Sunday, May 22, 2016

Brief thoughts on Captain America: Civil War.

It's actually been over two weeks since I first saw this movie, but I never really got around to forming a write-up on it. Blame a severe recent bout of writer's block on that one... that, and most of my free time has been dominated by Uncharted 4. I figure I might as well come up with something short for this one, so better late than never.

Kicking off the third phase of Marvel's ongoing universe, Captain America: Civil War concludes the first Avenger's ongoing trilogy, pitting him against Iron Man in a struggle over whether the heroes should have their ongoing actions monitored by the government, all the while a sinister new force begins to rise. The film had a lot of promise to live up to after The Winter Soldier's success, and in short, the movie's very good. In fact, having come out only weeks after Batman v Superman, it succeeds in every single area where that movie failed.

So much of the movie's power comes from the back and forth struggle over whether the heroes should align themselves to the Sokovia Accords, a document that restricts them from taking action in high stakes situations unless given the greenlight by their superiors. Like The Winter Soldier before it, it takes the initially bright and peppy spirit of the character when introduced in The First Avenger, and has a lot more politically minded and ambitious intentions that continue to mold Steve Rogers' once fiercely patriotic attitude towards an outlook that, while still holding on to that patriotism, has become disillusioned by the judgment lapses and abuse of power in the modern world. His is the more immediately agreeable stance, especially in a post-Snowden age where surveillance is stretched out to great extremes, leaving the viewer to question at what point these governing intentions will be used for sinister purposes.

That said, while the film does try to look as successfully at the opposing side, it never does manage to make a clear cut case for why it should be the more obvious one. Surely you can see why characters aligned with it, specifically Stark himself, would want it to be put into motion given the great cost and consequences at their hands, but the lines always appear very black and white and never really in the gray as much as it thinks it does.

But regardless of that, what makes the movie is the casting. It's almost pointless to cover Chris Evans and Robert Downey Jr. at this point, given that there's only so many unique ways you can praise the same things about them, but for this film, they do successfully bring new and engaging character enhancements to the table. As said before, much of what has made Rogers an engaging hero is his unwavering loyalty to his country, his friends, and the sorrow of losing those close friends of his in World War 2. In the recent films, he's quickly become disillusioned with the actions of the country he once fought hard to protect, given that it's very much hunting itself at this point, but even he isn't free from continually growing gray intentions, with his loyalty even being seen as a character flaw as much as a virtue. Always the wisecracking snob of the bunch, Stark has actually shown a great deal of maturity with every installment, and this sees the character at his most sober yet. Even having abandoned his original work model of developing weapons of war, with disasters like the invasion of New York and the creation of Ultron to his credit, he almost begins to see himself as one of those same weapons as he realizes the damage he's inflicted, pitting him even more at odds with Rogers than ever.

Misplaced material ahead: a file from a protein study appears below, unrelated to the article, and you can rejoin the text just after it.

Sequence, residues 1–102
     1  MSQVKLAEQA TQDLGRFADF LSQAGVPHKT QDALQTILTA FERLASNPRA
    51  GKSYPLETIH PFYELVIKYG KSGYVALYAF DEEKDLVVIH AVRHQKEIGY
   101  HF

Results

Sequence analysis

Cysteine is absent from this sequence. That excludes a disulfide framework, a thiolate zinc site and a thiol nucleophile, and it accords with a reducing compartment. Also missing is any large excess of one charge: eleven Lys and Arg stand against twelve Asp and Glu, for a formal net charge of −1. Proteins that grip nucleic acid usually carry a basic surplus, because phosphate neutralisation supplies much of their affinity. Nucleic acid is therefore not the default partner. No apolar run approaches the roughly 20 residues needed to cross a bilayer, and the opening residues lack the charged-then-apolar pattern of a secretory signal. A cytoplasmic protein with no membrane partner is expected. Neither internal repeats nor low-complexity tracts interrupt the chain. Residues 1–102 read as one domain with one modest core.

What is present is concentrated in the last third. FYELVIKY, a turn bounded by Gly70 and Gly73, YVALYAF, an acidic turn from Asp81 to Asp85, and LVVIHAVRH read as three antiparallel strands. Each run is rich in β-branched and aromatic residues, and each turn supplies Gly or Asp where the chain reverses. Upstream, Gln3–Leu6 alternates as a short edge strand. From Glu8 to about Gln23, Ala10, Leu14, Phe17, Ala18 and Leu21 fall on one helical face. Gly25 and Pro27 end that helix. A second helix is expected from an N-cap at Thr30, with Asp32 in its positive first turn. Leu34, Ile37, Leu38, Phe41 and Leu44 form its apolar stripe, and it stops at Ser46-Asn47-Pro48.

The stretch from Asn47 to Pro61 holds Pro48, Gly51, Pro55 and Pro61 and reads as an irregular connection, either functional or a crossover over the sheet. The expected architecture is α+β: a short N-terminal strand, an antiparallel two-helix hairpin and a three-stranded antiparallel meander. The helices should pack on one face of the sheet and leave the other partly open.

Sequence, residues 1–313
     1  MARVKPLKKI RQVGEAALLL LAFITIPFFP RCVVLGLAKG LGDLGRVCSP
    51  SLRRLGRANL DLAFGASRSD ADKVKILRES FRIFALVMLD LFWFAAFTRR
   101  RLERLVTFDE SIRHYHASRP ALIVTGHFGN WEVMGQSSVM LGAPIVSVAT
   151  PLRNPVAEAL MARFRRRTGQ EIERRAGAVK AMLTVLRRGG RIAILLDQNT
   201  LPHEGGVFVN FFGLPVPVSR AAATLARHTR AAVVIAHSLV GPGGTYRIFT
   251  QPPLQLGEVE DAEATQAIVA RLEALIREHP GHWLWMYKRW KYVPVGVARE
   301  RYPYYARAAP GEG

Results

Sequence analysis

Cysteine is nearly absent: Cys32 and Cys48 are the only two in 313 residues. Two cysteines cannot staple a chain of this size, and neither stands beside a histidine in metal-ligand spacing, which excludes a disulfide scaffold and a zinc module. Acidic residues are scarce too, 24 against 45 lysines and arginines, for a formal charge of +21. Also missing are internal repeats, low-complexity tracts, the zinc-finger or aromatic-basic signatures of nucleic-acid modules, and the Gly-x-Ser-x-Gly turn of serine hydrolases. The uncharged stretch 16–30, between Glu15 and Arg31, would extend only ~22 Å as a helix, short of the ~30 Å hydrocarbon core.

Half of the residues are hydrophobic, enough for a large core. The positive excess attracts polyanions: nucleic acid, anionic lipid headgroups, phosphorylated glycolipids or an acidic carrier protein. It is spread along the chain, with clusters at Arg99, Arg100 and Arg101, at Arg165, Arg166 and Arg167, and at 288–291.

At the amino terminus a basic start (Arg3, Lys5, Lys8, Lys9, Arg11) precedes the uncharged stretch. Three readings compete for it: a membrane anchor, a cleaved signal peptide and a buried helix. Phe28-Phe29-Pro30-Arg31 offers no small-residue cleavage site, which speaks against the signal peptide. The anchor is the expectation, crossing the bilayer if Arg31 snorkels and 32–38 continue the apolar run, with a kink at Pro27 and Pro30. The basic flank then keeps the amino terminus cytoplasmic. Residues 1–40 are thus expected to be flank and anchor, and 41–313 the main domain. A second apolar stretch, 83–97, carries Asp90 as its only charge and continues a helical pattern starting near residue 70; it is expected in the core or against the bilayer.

The overall supporting cast is very impressive, featuring over a dozen returning characters jumping back into the mix, and yet by some miracle, they don't feel like they've been given too much or too little exposure, spreading all the pieces out naturally, and continually finding new roads to take them down, with Paul Rudd's Scott Lang being a particular scene-stealer in the midway action sequence. The film also features several new players, with Tom Holland playing the best cinematic interpretation of Spider-Man since Raimi's Spider-Man 2 (and actually giving me some hope for Homecoming), Daniel Bruhl's behind the scenes manipulator being the first time in years that Marvel has given a villain a fully-realized character, but most impressive is Chadwick Boseman as Black Panther, a fierce and distraught warrior overcome by vengeance who commands the screen every time he appears, and whose upcoming solo adventure I am now unable to wait for.

Once again, The Russo brothers show a confident and thrilling vision when it comes to presentation, seamlessly pacing the film with long, engaging lulls inbetween smaller and bigger set-pieces, giving every character at least one crowd-pleasing moment, and once again staging the action with equal grit and glee. The highlight of the entire film comes in the form of Iron Man's and Captain America's respective teams duking it out at an airport, making fantastic use out of each character's unique personality and interactions, featuring clever tricks with the terrain, and equal bursts of comedy with genuinely great drama. It's the best action sequence to ever come from the studio, setting their standards even higher than ever. So while the film is certainly not a perfect ride, and slight fatigue with Marvel's formula may finally be starting to set in, there's too much in the movie for me to enjoy to  dismiss it. It's just a huge, fun, irresistible burst of popcorn escapism, and holds a lot of promise for the rest of Phase 3.

**** / *****

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